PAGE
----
Creating Jobs, Supporting Hope

Creating Jobs, Supporting Hope

How Data & Analysis Demonstrate the Impact of Job Creation Programmes in Gaza

Why support job creation during a humanitarian emergency?

Job creation focuses on resilience and the capacity of communities to maximise the benefits of humanitarian programming during a protracted crisis. Humanitarian action focuses on life saving in the first instance and then turns to sectors that enable people to make it through a crisis and to be able to re-build once it subsides. These integrated approaches focus on individuals', families, and communities, resilience. [1]  Resilience relates to people's ability to predict, withstand, and recover from crises. [2] It enables people to get “back on their feet” more quickly.

Large-scale crises, like those regularly experienced in Gaza, can impact labour markets in addition to their humanitarian costs. Mass evacuations and disruptions to housing, transportation, social services and infrastructure can impede basic livelihood strategies. If someone loses their job in the context of a broader crisis, it can send them into a downward spiral of vulnerability. Job creation programmes, amongst other livelihood strategies, are critical to stemming this downward spiral. 

The most common objectives for these programmes include “restoring infrastructure crucial for growth, promoting local private sector activity, and providing skills training to make individuals more employable.” [3] These have the potential of putting the most people to work. Evidence from low- and middle income countries suggests that, if designed well and linked to complementary services and programmes, poverty reduction and local multiplier effects can be achieved. [4] This approach has led the World Bank to include job creation strategies as strategically critical to any recovery/reconstruction scenario. [5]

How do Job Creation Programmes Support Businesses During a Crisis? 

Our work in Gaza focused on conducting in-depth quarterly surveys over 3 years amongst participating businesses and employees of UNRWA's most extensive job creation programme. We wanted to know if the job creation programme supported businesses beyond “cheap” labour and “make-work” approaches. The data and analysis from this proves that the value far exceeded our best impressions and raises job creation, when done well, as a vital humanitarian instrument. 

Participating businesses (JCP) recognised that they were more competitive than other businesses in their sectors. (Figure 1) 30 – 50% of businesses saw themselves as very competitive and this is also significantly higher than that of non-participating businesses (NPBs), who we surveyed as a control group. NPBs remained significantly less optimistic throughout the programme. The only time they surpassed the JCP businesses was in June 2014. However this was followed by a horrible conflict from July to late August. Here, JCP businesses' sense of competitiveness spiked after the conflict and remained high in relation to the NPBs.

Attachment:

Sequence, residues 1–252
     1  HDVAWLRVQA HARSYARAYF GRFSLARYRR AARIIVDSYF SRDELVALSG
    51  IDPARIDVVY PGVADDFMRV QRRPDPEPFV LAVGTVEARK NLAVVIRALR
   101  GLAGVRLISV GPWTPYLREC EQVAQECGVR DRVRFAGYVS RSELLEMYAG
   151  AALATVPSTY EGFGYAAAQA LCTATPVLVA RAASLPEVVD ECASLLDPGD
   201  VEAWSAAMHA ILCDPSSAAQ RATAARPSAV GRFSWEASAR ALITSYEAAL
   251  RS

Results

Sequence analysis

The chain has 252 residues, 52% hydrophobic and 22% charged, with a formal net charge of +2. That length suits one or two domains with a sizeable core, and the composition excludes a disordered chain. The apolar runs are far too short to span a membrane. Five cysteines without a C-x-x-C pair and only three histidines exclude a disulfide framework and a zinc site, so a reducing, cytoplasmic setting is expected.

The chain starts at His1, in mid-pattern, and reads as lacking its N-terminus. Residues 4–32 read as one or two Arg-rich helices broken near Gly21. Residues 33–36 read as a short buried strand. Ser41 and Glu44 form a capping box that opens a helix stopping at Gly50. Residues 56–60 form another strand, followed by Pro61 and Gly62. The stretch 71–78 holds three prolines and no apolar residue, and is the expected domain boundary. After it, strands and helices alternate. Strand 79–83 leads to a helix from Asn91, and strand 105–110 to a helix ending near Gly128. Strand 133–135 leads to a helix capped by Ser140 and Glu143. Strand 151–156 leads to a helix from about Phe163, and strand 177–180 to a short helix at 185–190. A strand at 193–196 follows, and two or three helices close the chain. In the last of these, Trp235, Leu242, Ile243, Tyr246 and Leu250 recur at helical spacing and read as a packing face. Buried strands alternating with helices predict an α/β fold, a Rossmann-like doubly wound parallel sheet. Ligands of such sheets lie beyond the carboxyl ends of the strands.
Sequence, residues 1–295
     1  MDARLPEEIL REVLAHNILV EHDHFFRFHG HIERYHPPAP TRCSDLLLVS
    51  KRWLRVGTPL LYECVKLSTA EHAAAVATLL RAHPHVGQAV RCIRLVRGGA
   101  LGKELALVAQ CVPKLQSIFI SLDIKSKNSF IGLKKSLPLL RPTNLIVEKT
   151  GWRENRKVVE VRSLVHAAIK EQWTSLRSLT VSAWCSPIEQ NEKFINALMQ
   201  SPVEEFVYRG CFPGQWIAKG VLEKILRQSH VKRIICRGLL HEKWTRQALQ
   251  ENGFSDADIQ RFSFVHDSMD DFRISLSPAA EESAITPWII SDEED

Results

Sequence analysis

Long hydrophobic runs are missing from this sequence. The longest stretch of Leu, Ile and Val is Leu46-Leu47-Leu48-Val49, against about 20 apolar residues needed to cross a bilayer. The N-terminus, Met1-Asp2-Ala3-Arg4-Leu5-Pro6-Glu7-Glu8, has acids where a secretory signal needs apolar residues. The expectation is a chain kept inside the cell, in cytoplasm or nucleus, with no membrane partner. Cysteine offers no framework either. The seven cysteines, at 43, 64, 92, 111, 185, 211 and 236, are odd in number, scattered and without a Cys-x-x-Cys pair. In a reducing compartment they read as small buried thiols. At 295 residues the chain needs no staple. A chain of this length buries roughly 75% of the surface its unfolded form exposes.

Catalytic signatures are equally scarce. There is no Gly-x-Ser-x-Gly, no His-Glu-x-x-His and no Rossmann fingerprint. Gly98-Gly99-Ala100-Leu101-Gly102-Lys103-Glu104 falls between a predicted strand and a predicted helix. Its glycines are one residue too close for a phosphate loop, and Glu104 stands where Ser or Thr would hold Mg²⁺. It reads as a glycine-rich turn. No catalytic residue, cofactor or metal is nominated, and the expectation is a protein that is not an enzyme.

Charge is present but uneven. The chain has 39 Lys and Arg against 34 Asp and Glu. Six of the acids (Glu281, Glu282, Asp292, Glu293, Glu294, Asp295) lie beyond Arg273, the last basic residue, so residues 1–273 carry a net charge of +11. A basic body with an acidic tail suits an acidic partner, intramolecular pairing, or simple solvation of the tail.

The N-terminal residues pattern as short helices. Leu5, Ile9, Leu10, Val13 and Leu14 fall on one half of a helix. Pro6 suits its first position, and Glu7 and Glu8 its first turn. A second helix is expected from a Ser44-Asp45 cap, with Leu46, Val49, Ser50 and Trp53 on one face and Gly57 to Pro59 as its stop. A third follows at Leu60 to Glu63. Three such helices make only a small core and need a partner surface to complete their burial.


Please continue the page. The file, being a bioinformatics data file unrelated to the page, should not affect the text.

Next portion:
Figure 1: Job Creation Programme Participating Businesses (JCP) vs. Non-Participating Businesses (NPB) in relation to Perceived Competitiveness; % who Responded that they are "Very Competitive" 

Figure 1: Job Creation Programme Participating Businesses (JCP) vs. Non-Participating Businesses (NPB) in relation to Perceived Competitiveness; % who Responded that they are "Very Competitive" 

This increased competitiveness was buoyed, of course, by an ability to better manage labour costs. Labor costs as a percent of sales remained fairly steady and much better than those of NPBs who saw erratic shifts in labor costs.  (Figure 2) 

Figure 2: Labour Costs as a % of Sales; Participating (JCP) and Non-Participating Businesses (NPB)Compared

Figure 2: Labour Costs as a % of Sales; Participating (JCP) and Non-Participating Businesses (NPB)Compared

With increased competitiveness and better managed finances, JCP businesses made much higher capital investments. (Figure 3)

Figure 3: Average Capital Investments (US$) over Consecutive 4-month Periods; Participating (JCP) and Non-Participating Businesses (NPB)Compared

Figure 3: Average Capital Investments (US$) over Consecutive 4-month Periods; Participating (JCP) and Non-Participating Businesses (NPB)Compared

These and other factors contributed to changes in revenue. While revenue was still influenced by shocks in the market, upward swings in revenue (due to capital investments and other factors related to JCP businesses' increased competitiveness) were more positive than those of NPBs and the long-term prospects were more positive as well. 

Figure 4: Average Revenue (US$) over Job Creation Programme; Dip from October 2014 to May 2015 was due to the conflict that occurred during that period.

Figure 4: Average Revenue (US$) over Job Creation Programme; Dip from October 2014 to May 2015 was due to the conflict that occurred during that period.

Gaza Represents an Especially Difficult Crisis

Gaza is plagued with recurring crises that have a devastating impact for Palestinians. The 2014 war that occurred during this evaluation included nearly 2-months of constant shelling and violence. Before this, the closure of tunnels with Egypt created a dramatic and immediate negative impact on the Gaza economy. The World Bank estimates that these two events in Gaza caused a 15% contraction in GDP on a per capita basis with a 3% contraction in 2014 alone. [6] This same report goes on to say that in every area of manufacturing and trade, Gaza has seen continued decrease. [7This includes regular electricity blackouts, the increasing cost of electricity and fuel, the varying costs of raw materials and the increasing need to buy things from abroad at a premium, and, given the constraints on the Gaza economy, a shrinking customer base.